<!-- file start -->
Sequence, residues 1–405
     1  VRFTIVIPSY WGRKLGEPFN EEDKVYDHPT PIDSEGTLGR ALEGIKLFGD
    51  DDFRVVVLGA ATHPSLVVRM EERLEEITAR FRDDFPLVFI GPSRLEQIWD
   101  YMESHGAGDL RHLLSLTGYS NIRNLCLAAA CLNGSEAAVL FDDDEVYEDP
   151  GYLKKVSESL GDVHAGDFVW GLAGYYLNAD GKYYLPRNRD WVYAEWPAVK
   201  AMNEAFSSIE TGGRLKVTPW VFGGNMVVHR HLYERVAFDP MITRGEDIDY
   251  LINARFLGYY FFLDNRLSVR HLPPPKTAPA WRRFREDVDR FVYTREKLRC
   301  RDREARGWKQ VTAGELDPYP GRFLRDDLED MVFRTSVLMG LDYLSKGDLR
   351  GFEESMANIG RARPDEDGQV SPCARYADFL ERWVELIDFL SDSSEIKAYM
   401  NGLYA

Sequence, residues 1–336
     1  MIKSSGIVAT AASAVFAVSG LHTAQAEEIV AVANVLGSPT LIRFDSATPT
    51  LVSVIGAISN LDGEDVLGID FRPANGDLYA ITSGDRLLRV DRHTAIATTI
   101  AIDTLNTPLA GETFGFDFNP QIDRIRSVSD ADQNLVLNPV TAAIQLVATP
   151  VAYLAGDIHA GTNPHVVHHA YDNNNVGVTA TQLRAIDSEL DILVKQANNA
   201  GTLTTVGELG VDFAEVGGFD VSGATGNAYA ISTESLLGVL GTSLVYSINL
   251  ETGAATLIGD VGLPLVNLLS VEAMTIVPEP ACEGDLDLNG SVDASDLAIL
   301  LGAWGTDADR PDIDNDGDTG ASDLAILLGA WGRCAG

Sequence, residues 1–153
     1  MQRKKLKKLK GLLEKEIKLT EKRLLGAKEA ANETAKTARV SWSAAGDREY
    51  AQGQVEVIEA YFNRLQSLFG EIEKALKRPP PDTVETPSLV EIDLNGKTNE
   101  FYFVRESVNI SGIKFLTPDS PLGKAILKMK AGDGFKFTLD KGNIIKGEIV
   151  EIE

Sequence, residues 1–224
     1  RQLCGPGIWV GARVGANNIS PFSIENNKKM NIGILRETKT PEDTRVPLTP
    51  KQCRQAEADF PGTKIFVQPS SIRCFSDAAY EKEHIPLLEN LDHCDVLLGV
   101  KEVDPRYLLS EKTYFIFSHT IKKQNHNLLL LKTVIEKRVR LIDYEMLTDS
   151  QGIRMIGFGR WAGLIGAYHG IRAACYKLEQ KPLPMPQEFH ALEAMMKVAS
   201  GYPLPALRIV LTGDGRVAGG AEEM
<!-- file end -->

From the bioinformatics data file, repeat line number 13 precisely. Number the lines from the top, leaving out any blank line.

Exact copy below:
    51  LVSVIGAISN LDGEDVLGID FRPANGDLYA ITSGDRLLRV DRHTAIATTI